- Installing an accessible paper cup dispenser at an existing inaccessible water fountain;
- Removing high pile, low-density carpeting; or
- Installing vehicle hand controls.
The aforementioned is not an exhaustive list of potential barrier removals that might be required. The Department of Justice website has a Checklist for Readily Achievable Barrier Removal which is intended to be used when surveying an existing facility for barriers to accessibility (7). It is organized by the priorities stated in the regulations and includes possible solutions to accessibility barriers.
Furthermore, under the ADA Accessibility Standards issued by the Department of Justice and the Department of Transportation, the requirement of accessibility applied to new construction is triggered whenever there is an “addition” or “alteration” to an existing building. An “addition” is defined as “[a]n expansion, extension, or increase in the gross floor area or height of a building or facility.”(8)
An “alteration” is defined as “[a] change to a building or facility that affects or could affect the usability of the building or facility or portion thereof.”(9) The definition of alteration is broad and could potentially include remodeling, renovation, rehabilitation, reconstruction, historic restoration, resurfacing of circulation paths or vehicular ways, changes or rearrangement of the structural parts or elements, and changes or rearrangement in the plan configuration of walls and full-height partitions. Where compliance with applicable requirements is technically infeasible, the alteration shall comply with the requirements to the maximum extent feasible. Normal maintenance, reroofing, painting or wallpapering, or changes to mechanical and electrical systems are not alterations unless they affect the usability of the building or facility.
In addition to potential structural modifications, Section 36.302(e)(1) requires a public accommodation that owns, leases (or leases to), or operates a place of lodging to (i) modify its policies, practices, or procedures to ensure that individuals with disabilities can make reservations for accessible guest rooms in the same manner as individuals who do not need accessible rooms and to identify and (ii) describe the accessible features in the hotels and guest rooms offered through its reservations service in enough detail to reasonably permit individuals with disabilities to assess independently whether a given hotel or guest room meets his or her accessibility needs.
Additionally, Section 36.302(e)(1)(iii) requires a public accommodation to ensure that accessible guest rooms are held for use by individuals with disabilities until all other guest rooms of that type have been rented and the accessible room requested is the only remaining room of that type and to guarantee specific accessible guest rooms that are reserved through a reservations service to the same extent that it guarantees rooms that are not accessible.
When a public accommodation does guarantee room reservations, it must provide the same guarantee for accessible guest rooms as it makes for other rooms, except that it must apply that guarantee to the specific room reserved and blocked, even if in other situations, its guarantee policy only guarantees that a room of a specific type will be available at the guaranteed price (10).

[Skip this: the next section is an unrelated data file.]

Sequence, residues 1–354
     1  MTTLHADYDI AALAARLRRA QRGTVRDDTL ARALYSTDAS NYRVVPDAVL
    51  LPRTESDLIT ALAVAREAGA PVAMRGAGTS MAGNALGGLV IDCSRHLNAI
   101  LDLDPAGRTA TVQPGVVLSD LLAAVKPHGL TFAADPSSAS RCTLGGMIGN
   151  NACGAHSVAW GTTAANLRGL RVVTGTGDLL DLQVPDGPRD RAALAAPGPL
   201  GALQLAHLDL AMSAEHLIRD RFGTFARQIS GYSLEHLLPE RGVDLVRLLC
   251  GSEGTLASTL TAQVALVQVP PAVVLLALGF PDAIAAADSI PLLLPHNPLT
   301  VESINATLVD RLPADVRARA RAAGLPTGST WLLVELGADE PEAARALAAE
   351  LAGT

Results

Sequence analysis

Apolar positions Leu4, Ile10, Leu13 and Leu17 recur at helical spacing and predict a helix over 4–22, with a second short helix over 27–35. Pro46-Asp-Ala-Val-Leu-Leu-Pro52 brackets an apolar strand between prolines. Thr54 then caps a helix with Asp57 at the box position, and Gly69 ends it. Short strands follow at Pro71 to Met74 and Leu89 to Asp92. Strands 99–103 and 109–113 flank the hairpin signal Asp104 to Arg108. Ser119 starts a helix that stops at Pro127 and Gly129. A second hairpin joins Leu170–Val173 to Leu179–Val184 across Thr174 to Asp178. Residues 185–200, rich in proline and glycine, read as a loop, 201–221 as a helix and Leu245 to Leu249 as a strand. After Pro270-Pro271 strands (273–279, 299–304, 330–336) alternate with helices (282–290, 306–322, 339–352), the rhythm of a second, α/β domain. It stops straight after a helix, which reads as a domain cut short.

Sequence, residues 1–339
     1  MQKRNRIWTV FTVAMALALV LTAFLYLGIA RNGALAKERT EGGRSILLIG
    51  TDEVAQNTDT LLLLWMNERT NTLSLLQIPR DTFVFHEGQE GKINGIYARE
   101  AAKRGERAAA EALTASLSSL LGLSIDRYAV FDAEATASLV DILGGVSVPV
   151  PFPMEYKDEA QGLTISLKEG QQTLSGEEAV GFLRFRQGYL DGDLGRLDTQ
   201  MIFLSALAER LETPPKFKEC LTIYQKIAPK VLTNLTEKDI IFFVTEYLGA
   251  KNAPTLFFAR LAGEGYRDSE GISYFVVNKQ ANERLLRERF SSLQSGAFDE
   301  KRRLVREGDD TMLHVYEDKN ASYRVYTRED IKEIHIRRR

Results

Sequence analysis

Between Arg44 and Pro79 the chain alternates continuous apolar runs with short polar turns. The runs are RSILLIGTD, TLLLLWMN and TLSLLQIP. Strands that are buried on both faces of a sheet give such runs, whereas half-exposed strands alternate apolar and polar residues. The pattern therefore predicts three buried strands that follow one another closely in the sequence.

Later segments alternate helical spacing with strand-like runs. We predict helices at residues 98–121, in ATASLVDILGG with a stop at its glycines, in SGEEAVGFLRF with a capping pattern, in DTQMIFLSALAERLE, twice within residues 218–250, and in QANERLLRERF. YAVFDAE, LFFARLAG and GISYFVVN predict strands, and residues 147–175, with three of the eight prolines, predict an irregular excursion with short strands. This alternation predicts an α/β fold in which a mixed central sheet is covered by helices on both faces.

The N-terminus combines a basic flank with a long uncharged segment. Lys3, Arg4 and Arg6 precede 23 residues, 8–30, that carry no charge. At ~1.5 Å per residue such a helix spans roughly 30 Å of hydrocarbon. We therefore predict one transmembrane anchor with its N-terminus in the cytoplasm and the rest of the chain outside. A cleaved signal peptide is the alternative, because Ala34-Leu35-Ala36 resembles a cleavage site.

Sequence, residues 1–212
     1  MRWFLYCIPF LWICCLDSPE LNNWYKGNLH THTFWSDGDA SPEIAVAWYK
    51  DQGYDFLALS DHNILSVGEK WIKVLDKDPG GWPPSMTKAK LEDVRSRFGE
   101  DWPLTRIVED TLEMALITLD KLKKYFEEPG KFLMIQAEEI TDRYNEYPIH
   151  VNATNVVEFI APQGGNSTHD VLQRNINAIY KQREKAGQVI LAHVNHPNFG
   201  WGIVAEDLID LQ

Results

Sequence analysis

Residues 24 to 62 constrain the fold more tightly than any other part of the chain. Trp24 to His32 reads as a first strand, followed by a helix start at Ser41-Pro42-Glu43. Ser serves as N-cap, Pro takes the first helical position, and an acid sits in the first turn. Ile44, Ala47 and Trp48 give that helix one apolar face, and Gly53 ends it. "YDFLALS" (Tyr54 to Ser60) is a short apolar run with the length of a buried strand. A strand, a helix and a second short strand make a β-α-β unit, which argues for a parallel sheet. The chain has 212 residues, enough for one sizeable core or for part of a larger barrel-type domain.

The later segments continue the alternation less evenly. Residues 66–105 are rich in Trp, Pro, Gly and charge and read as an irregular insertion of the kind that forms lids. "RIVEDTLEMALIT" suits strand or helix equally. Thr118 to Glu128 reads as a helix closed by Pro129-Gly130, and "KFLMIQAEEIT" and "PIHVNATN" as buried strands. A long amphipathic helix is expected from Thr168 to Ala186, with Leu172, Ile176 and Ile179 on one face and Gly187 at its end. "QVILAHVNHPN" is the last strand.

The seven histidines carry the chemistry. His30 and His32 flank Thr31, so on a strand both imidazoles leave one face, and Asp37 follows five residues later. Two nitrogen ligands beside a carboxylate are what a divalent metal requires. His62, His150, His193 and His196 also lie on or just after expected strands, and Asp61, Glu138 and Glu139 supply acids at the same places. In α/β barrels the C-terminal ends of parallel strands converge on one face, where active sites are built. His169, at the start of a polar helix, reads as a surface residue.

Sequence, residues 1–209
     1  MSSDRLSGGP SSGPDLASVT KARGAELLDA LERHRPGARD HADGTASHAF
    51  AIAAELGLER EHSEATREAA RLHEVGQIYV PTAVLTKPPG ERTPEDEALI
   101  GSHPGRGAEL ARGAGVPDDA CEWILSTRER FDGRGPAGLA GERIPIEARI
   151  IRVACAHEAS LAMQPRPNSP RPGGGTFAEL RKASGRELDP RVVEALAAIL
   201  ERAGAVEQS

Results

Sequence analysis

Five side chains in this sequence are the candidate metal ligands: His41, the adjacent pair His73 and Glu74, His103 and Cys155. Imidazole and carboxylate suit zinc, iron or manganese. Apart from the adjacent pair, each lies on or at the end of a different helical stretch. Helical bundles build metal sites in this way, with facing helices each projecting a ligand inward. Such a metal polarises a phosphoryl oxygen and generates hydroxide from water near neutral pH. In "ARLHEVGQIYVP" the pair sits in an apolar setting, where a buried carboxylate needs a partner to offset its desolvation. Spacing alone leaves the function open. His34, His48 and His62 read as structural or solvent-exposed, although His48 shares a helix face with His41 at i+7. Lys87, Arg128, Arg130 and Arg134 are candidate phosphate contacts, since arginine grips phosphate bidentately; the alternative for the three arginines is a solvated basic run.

Taking into account these requirements, a lease between a landlord and the operator of a short-term rental facility that could qualify as a place of public accommodation must be carefully drafted to knowingly allocate responsibility for ADA compliance.
An attorney representing a landlord should seek the best terms possible to place responsibility upon the tenant-operator for removing architectural barriers and making the building otherwise accessible if the building has been, or will be, altered or expanded. Likewise, it would be important to include provisions in the lease, making the tenant-operator explicitly responsible for the contents of any advertisements of the short-term rental, including advertisement on social media and third-party platforms such as Travelocity, Airbnb, and Orbitz, and for making accessible rooms available to the disabled in a non-discriminatory manner.
Conversely, an attorney representing the tenant-operator should attempt to place as much responsibility upon the landlord for making structural repairs to remove architectural barriers and making the building otherwise accessible if the building has been, or will be, altered or expanded.
As people continue to utilize short-term rentals in greater numbers, we will inevitably see additional guidance from the courts as to the application of the ADA to such short-term rentals.
(1) 42 U.S. Code § 12182.
(2) See 28 CFR § 36.201(b).
(4) 28 CFR § 36.104.
(6) See 28 CFR § 36.304(a).
(7) Checklist for Readily Achievable Barrier Removal, Information and Technical Assistance on the Americans with Disabilities Act, available at https://www.ada.gov/checkweb.htm
(8) U.S. Dept. of Justice 2010 ADA Standards for Accessible Design, § 202.2, available at http://www.ada.gov/regs2010/2010ADAStandards/2010ADAStandards.pdf.
(9) Id. at §202.3
(10) 28 CFR § 36.302(e)(1)(v).
— Clementa Amazan, an associate attorney at Nochumson P.C., performed the legal research for this article.
Reprinted in courtesy of American Law Institute Continuing Legal Education. All rights reserved. Further duplication without permission is prohibited. For information, visit www.ali-cle.org/